We are determining how to build future generations of supercomputers. We are actively exploring issues such as possible uses of persistent memory (non-volatile random access memory or NVRAM) and methods to reduce power consumption or to increase reliability while maintaining (or even reducing) cost and maintaining (or improving) performance. We are also closely interacting with industry through local initiatives and programs such as FastForward. Throughout these activities, we combine unique research capabilities with our prove track record of building and deploying reliable and productive large-scale systems. View content related to Hardware Architecture.
Supercomputing ‘18 (SC18), held Nov. 11–16 in Dallas, broke records for attendees and exhibitors and saw LLNL once again make its presence felt on the world’s biggest HPC stage.
On October 26, 2018, the DOE’s National Nuclear Security Administration, LLNL, and industry partners officially unveiled Sierra, one of the world’s fastest supercomputers, at a dedication ceremony to celebrate the system’s completion.
On October 26, the DOE’s NNSA, LLNL, and industry partners officially unveiled Sierra, one of the world’s fastest supercomputers, at a dedication ceremony to celebrate the system’s completion.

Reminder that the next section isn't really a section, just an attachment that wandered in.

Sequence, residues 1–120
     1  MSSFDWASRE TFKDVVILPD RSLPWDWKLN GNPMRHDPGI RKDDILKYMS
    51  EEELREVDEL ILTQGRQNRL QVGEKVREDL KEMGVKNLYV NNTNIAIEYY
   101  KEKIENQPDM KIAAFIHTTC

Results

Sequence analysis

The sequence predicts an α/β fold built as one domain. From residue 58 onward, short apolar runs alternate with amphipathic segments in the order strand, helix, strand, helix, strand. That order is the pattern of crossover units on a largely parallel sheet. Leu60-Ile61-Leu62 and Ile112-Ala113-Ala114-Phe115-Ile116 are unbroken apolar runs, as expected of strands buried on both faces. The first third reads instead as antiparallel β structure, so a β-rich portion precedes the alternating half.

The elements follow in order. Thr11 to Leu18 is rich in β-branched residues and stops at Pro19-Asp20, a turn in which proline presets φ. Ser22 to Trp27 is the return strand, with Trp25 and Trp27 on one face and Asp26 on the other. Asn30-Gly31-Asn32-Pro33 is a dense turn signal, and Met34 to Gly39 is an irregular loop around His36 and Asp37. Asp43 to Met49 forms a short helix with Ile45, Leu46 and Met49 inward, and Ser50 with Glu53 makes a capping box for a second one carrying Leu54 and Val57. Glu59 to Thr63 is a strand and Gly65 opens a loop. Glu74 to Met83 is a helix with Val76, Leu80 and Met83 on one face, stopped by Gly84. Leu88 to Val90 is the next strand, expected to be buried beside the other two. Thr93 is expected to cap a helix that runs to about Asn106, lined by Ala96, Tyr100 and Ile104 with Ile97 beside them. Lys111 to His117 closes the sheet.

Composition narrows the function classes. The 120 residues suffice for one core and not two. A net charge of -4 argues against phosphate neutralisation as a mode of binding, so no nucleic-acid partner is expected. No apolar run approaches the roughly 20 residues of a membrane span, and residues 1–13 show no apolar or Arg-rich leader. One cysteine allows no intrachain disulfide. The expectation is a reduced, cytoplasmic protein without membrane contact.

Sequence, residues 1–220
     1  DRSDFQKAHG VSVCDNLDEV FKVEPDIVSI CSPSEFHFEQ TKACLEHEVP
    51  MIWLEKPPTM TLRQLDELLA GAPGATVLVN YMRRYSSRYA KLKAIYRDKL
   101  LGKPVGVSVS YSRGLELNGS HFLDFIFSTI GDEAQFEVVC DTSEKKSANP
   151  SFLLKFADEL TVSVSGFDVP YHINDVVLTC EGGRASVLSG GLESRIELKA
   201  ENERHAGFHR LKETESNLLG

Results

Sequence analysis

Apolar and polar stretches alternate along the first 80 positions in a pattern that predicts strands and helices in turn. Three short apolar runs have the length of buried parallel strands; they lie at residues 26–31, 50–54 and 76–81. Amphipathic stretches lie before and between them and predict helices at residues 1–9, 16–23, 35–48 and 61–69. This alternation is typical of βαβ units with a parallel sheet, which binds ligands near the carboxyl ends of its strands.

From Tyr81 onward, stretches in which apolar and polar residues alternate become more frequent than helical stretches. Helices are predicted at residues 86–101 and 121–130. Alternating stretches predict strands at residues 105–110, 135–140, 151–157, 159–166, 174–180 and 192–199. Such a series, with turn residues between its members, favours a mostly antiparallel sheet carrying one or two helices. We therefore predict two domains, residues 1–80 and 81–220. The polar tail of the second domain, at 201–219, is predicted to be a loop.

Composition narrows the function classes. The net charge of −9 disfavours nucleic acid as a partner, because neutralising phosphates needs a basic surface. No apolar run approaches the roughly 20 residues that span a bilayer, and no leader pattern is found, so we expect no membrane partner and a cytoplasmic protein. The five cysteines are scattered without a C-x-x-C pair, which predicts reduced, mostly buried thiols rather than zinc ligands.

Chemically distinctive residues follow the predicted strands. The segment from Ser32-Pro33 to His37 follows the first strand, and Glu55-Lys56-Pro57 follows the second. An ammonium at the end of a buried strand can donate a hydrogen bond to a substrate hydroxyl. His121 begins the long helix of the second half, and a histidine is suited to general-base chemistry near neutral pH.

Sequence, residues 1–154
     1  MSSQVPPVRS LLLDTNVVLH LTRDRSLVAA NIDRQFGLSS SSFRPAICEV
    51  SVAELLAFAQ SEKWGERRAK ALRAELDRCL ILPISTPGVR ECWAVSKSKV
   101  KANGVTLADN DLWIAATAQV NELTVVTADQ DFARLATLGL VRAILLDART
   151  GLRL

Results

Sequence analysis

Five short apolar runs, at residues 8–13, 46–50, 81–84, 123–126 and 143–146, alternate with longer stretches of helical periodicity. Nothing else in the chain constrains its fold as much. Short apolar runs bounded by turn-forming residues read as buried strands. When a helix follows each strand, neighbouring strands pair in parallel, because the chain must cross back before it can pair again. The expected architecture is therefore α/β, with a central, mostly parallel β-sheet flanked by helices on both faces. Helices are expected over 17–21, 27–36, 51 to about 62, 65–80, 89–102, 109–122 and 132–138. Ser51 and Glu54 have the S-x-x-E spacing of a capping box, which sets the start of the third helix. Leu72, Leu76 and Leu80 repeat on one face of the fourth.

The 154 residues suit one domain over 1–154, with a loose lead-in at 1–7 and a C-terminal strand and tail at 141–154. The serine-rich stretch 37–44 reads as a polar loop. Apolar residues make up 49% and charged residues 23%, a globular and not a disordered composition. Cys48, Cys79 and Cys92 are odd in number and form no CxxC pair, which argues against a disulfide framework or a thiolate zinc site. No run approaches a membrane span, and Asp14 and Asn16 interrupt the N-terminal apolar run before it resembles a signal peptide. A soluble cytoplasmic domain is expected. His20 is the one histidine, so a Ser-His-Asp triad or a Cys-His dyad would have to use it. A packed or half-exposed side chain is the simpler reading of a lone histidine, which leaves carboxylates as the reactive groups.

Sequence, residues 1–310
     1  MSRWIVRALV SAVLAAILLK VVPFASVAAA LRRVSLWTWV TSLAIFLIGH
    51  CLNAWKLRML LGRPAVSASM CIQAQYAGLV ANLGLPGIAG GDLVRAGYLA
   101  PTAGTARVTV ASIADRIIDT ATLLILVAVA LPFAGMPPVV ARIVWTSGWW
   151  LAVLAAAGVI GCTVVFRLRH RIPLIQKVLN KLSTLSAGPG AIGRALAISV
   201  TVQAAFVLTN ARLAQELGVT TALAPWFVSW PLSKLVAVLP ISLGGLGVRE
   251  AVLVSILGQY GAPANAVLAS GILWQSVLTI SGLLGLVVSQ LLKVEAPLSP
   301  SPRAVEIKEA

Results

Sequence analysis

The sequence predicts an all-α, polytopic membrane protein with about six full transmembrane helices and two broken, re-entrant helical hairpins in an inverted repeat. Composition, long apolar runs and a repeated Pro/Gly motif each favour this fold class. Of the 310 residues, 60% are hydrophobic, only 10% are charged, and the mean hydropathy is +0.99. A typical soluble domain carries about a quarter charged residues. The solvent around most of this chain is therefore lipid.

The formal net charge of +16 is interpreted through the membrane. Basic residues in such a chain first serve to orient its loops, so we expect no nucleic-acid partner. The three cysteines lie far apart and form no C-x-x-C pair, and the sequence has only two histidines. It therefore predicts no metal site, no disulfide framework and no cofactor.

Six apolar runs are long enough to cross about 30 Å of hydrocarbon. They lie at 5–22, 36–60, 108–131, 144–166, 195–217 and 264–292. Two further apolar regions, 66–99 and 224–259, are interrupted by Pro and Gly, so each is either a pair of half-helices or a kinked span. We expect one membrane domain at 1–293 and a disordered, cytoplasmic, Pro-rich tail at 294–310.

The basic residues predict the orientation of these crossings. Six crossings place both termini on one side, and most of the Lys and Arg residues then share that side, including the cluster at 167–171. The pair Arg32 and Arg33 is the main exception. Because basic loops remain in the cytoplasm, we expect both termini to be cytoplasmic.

Dozens of members of LLNL’s Computation Directorate will attend the 2018 Supercomputing Conference. The Laboratory’s presence includes tutorials, poster and paper sessions, and the Job Fair.
This video provides a basic introduction to supercomputing, scientific computing, and high performance computing (HPC).
Sierra, LLNL’s next-generation supercomputer, is projected to provide four to six times the sustained performance and be at least seven times more powerful than Sequoia.
Work is moving fast and furious in the Livermore Computing Complex, where siting and installation for Sierra is kicking into high gear.